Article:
In addition, the court rejected as "inequitable" Canal's argument that it should pay only one-sixth of the claim, id. at 765-66, reasoning that the limitation of KAIRA coverage to KAIRA's minimum level was not "clearly and specifically set forth in [Canal's] policy." Id. at 766 (relying on DeWitt v. Young, 229 Kan. 474, 625 P.2d 478, 483 (1981) ("We do, however, caution that the limited application of such exclusions should be clearly and specifically set forth in the policy.").

And finally, the court ordered Canal to contribute one-half of the liability claim, one-half of the PIP claim, one-half of the attorney's fees incurred in reaching the settlement and one-half of the costs and administrative expenses involved with the settlement. While Canal resisted paying any portion of the fees, costs or expenses, the court ordered it to do so "based on equitable considerations." Great West, 706 F. Supp. at 766.

Five months later, in an unpublished memorandum and order on Canal's motion for reconsideration, the court vacated the portion of its order awarding Great West one-half of the attorney's fees and administrative costs and expenses. The court was persuaded by the holding of Maryland Casualty Co. v. American Family Insurance Group, 199 Kan. 373, 429 P.2d 931 (1967). In Maryland Casualty, the primary insurer had refused to defend and the secondary insurer defended under policy coverage coextensive to that of the primary insurer. The court refused to grant the secondary insurer contribution from the primary insurer for fees, costs and expenses incurred in defending the insured, ruling that the secondary insurer had a duty to defend the lawsuit, and that such duty was personal and distinct from indemnification from the primarily liable insurer, notwithstanding the coextensive relationship between the insured and the primarily liable insurer. Id. 429 P.2d at 942.

On appeal, Canal does not contest responsibility for one-half of the PIP payment, but only requests review of the district court's imposition of one-half of the third party liability claim settlement. This is a question of law, which we review de novo. Lilly v. Fieldstone, 876 F.2d 857, 858 (10th Cir. 1989).

We agree with the district court that Canal's insurance policy could not abrogate Canal's responsibility under the clear and mandatory requirements of the KAIRA. As an initial matter, we note that the district court correctly began its analysis of equitable contribution between co-insurers with the requirement that the interests covered must be common to both insurers. American States Ins. Co. v. Hartford Accident & Indem. Co., 218 Kan. 563, 545 P.2d 399 (1976). In American States, the court held:

The doctrine of equitable contribution has long been recognized by this court as a remedy available to one who is compelled to bear more than his fair share of a common burden or liability to recover from the others their ratable proportion of the amount paid by him. It is a principle of equity applicable only where the situations of the parties are equal under a common liability or burden. Between insurers, it is generally a prerequisite to enforcing contribution that their policies insure the same interests.

Id. 545 P.2d at 407 (citations omitted); see also Great W. Casualty Co. v. Truck Ins. Exch., 358 F.2d 883, 886 (10th Cir. 1966).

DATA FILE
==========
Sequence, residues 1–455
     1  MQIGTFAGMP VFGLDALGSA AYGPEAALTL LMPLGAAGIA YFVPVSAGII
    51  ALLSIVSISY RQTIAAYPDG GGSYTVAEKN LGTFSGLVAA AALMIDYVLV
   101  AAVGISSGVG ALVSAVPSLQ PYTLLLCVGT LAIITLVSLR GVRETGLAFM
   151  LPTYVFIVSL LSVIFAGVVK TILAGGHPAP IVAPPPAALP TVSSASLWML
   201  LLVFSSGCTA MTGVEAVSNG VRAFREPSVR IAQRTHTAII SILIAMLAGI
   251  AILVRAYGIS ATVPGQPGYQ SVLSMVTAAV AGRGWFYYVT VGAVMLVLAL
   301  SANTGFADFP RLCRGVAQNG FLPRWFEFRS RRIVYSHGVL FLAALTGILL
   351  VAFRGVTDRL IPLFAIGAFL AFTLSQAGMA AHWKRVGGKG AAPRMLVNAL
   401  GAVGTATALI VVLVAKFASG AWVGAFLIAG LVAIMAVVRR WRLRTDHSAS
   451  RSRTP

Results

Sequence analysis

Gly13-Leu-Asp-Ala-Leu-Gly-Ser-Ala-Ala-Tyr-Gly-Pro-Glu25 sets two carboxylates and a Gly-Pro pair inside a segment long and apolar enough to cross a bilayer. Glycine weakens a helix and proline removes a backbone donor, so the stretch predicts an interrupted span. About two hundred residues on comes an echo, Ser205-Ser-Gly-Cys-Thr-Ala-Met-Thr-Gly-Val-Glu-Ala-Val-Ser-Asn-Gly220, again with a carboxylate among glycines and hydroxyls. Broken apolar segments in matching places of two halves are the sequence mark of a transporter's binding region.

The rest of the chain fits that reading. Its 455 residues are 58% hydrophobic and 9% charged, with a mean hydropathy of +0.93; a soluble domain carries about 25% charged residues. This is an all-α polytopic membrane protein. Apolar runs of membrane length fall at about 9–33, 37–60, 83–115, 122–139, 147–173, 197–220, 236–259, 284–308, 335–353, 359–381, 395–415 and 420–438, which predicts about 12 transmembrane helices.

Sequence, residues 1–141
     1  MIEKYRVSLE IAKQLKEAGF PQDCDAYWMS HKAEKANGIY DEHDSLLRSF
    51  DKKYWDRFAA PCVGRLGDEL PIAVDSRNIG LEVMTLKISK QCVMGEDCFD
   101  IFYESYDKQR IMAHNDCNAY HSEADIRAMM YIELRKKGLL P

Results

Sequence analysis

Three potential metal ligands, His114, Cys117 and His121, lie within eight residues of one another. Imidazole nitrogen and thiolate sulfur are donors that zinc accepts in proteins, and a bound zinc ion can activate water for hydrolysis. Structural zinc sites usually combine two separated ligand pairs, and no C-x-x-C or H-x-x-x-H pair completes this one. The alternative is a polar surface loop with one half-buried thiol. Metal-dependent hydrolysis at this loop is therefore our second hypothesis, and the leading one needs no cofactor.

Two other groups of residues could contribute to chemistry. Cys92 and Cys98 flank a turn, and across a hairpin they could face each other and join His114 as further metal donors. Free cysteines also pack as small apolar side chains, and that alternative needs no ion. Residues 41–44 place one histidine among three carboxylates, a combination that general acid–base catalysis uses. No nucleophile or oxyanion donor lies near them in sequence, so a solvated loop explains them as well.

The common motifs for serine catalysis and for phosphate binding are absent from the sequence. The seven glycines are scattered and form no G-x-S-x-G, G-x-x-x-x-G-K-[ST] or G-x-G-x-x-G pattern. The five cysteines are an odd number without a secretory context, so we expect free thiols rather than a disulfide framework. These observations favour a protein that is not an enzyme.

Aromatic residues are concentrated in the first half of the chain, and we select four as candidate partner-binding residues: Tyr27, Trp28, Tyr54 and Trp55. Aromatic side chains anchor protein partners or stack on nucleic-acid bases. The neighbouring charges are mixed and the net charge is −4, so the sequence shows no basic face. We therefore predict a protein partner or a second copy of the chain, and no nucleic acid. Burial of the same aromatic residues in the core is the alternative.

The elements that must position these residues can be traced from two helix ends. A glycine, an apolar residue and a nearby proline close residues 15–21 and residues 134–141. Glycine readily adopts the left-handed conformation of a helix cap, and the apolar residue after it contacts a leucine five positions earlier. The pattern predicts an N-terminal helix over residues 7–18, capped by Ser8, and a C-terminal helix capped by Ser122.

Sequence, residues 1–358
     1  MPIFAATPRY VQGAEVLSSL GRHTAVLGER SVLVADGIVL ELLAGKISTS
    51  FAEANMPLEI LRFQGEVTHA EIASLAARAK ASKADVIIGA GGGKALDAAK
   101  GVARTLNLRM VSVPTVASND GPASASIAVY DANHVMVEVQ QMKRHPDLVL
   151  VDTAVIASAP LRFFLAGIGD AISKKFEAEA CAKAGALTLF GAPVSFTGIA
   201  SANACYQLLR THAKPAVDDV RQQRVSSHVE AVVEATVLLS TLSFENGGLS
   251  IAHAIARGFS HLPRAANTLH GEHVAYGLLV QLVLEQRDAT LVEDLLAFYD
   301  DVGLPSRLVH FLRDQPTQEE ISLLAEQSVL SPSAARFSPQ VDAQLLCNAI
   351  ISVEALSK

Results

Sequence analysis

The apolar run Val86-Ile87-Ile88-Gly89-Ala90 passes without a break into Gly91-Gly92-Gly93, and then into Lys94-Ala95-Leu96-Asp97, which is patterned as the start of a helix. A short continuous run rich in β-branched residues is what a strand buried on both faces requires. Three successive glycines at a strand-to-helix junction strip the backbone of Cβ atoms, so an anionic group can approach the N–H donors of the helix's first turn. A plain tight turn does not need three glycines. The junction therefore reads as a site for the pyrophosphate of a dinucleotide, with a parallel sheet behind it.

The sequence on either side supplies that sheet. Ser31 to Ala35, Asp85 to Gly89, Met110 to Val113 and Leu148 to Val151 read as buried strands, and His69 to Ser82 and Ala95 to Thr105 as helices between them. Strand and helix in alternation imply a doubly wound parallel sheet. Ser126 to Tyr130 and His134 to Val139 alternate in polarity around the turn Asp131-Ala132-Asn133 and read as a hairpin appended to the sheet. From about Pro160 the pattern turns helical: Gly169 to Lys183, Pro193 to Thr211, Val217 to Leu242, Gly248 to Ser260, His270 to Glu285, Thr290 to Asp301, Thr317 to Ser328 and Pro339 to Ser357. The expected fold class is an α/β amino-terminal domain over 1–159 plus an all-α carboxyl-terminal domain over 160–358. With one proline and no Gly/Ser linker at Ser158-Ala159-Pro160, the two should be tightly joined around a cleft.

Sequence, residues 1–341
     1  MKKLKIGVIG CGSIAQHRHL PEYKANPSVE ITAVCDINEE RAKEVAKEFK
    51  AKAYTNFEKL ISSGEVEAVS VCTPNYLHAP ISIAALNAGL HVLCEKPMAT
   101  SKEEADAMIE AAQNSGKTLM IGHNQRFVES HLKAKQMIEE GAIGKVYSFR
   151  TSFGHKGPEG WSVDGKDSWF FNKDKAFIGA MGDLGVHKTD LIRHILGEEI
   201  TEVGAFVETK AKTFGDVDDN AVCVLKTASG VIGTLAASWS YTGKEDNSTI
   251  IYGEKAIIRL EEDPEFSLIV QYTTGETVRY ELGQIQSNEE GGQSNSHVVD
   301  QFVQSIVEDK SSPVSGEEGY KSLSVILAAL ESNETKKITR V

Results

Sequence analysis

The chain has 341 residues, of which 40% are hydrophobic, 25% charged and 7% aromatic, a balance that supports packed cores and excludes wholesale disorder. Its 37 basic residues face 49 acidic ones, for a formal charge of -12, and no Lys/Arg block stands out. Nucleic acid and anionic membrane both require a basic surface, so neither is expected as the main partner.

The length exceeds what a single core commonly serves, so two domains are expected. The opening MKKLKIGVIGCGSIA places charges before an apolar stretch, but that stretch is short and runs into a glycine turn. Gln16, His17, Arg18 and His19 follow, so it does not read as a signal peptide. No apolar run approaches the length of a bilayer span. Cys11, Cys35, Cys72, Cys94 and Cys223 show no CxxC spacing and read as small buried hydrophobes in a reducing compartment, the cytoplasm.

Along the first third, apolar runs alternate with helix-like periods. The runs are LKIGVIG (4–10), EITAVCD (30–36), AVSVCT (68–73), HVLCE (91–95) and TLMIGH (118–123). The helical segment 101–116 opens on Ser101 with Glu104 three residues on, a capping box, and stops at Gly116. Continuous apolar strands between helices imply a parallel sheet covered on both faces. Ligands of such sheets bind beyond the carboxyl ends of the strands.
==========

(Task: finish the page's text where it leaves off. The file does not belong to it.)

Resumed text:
We also agree with the district court concerning Canal's responsibility for an equitable contribution to the settlement. Canal's attempt to circumvent its liability to a third party claimant by superimposing a circuitous route of subrogation through the insured to the primary insurer is contrary to the authority of Kansas law. The Kansas Court of Appeals has explicitly held: "The doctrine [of equitable contribution] is distinct from subrogation and does not depend on privity of contract." Midwest Mut. Ins. Co. v. Farmers Ins. Co., 3 Kan.App.2d 630, 599 P.2d 1021, 1023 (1979).

However, as to the computation of each insurer's pro rata share, the district court should have imposed only one-sixth of the burden on Canal.

The Kansas Supreme Court provided clear guidance for this computation in the case of DeWitt v. Young, 229 Kan. 474, 625 P.2d 478 (1981). In that case, an exclusion held to be void under the KAIRA was held void only to the extent of the minimum statutory coverage. The court stated that:

Generally, it is held that exclusions in liability insurance policies are valid and enforceable as to amounts exceeding coverage required in financial responsibility laws. We adhere to this general rule and find the exclusions void only as to the minimum coverage required by statute.

Id. 625 P.2d at 483 (citations omitted); see also Ohio Casualty Ins. Co. v. State Farm Auto. Ins. Co., 601 F. Supp. 345, 349 (D. Kan. 1984) (applying Kansas law). The district court relied on language from DeWitt admonishing insurance companies to clearly set forth the statutory minimum in the policy so that the insured will be fully informed as to the extent of the exclusion from coverage. DeWitt, 625 P.2d at 483. However, we find that this admonition is dictum in light of the DeWitt court's holding because the omission of the statutory minimum in the exclusion would not lessen the insured's actual statutory coverage under the holding of the court.

The KAIRA provides a statutory minimum coverage for motor carriers of $100,000. Under DeWitt, this amount also defines the maximum sum for which the occupant exclusion in Canal's policy is voided by the statutory requirements. Canal is thus liable for one-sixth of the Munkres' settlement, which the district court shall compute on remand.

The Memorandum and Order of the district court, published at 706 F. Supp. 761 (D. Kan. 1989), as modified by Memorandum and Order filed July 26, 1989, is AFFIRMED in part and REMANDED in part, consistent with this opinion.

 *

Honorable Alan B. Johnson, District Judge, United States District Court for the District of Wyoming, sitting by designation